Brazil. In Europe, environmentalists, farmers, and consumers have joined
together to oppose the use of transgenic seeds.

* GMO's Handled by CARE? Blocked in Europe, is Monsanto trying to use
well-known aid agencies to win acceptance for its GMOs among farmers and
consumers in the South? "Monsanto officials genuinely believe they have
products that will solve the problem of food shortages in the next
century," Hope Shand of RAFI says. "The company may not be acting
cynically. They believe they can make money and solve hunger through GMOs
at the same time," Shand explains, "If the meeting with CARE is to use the
food aid agency to test and distribute their genetically-altered seeds
among poor farmers, both CARE and Monsanto are making a terrible mistake."
What exactly the goal is for the St. Louis talks? Are they to establish
soft loan programmes tied to Monsanto products, or to use CARE's field
offices to facilitate trials of genetically-engineered herbicide-tolerant
seeds? "Either way," Pat Mooney concludes, "neither party has the
credibility to pull this venture off. CARE will be lambasted for
jeopardizing the food security of farmers and Monsanto will be accused of
using CARE as 'cheap labour' for its commercial goals. Whatever their
intent, this indeed will be the result. I've talked with CARE negotiators
in New York and I'm hopeful that they understand the issues and will not
let their good name be used to pressure farmers into adopting Monsanto's
unsustainable approach to agriculture."

CARE Bears? Monsanto is transforming itself from being a traditional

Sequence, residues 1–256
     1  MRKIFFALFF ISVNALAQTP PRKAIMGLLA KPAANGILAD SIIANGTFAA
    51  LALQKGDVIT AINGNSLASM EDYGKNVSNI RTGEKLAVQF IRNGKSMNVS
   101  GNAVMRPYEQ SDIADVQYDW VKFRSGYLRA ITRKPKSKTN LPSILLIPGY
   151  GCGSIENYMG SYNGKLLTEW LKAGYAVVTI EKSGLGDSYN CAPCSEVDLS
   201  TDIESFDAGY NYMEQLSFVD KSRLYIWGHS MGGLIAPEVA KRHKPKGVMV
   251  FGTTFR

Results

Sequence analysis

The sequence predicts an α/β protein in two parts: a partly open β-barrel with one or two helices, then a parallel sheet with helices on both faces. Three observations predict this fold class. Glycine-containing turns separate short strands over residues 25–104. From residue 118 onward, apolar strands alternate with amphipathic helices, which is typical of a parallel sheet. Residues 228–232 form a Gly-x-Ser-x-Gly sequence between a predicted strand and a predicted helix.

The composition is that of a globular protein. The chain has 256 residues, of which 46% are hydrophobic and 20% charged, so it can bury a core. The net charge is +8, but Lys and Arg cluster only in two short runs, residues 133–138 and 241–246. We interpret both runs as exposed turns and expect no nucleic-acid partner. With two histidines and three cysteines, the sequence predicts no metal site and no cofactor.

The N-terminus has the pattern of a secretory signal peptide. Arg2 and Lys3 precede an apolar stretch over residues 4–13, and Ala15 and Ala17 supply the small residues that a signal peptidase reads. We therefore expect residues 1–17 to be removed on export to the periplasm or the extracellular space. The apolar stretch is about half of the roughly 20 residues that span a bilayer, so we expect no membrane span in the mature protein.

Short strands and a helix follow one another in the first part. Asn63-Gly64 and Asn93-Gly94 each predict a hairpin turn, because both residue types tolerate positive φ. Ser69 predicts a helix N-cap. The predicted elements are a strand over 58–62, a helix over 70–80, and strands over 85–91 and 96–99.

chemical company into a dominant player in the Life Industry. In recent
years, Monsanto has spent more than $8.5 billion in acquiring seed
companies across the world. Many market analyst believe however, that
Monsanto has over-extended itself and is now weighed under by a huge debt
burden. In the midst of the world's longest running bull market, Monsanto
is on some investor's bear lists. Last year, Monsanto announced that it
would merge with American Home Products - another chemicals-turned-biotech
corporation more than twice Monsanto's size. The deal was eventually 
called
off. Last week, the New York Times reported that Monsanto was holding
preliminary discussions with DuPont - a vastly larger multinational now
attempting to extricate itself from energy subsidiaries in order to buy
into the Life Industry. The message to many investors is that Monsanto is 
a
company in trouble and looking for allies.

------

Monsanto, headquarters in St. Louis, Missouri (US) has 32,000 employees, a
market capitalization of $28 billion and 1998 revenues of $9 billion. The
company is reportedly in merger discussions with DuPont.

CARE, headquarters in New York (US) is a major non-profit, international
relief organization. In 1998, CARE delivered $339 million in aid to over
35.3 million people in 51 countries.

RAFI, the Rural Advancement Foundation International, is an international
civil society organization headquartered in Canada. RAFI is dedicated to
the conservation and sustainable use of biodiversity, and to the socially
responsible development of technologies useful to rural societies. RAFI is
concerned about the loss of agricultural biodiversity, and the impact of
intellectual property on farmers and food security.

For More Information:

Pat Mooney				Hope Shand
Executive Director, RAFI		Director of Research, RAFI
110 Osborne Street, Suite 202		Centre for Public Service
WINNIPEG  MB  R3L 1Y5			Gettysburg College
CANADA					Box 2456
Tel:  (204) 453-5259			GETTYSBURG  PA  17325
Fax: (204) 925-8034			USA
E-mail:  rafi@rafi.org			Tel:  (717) 337-6482
					Fax:  (717) 337-6499
					E-mail:  hope@rafi.org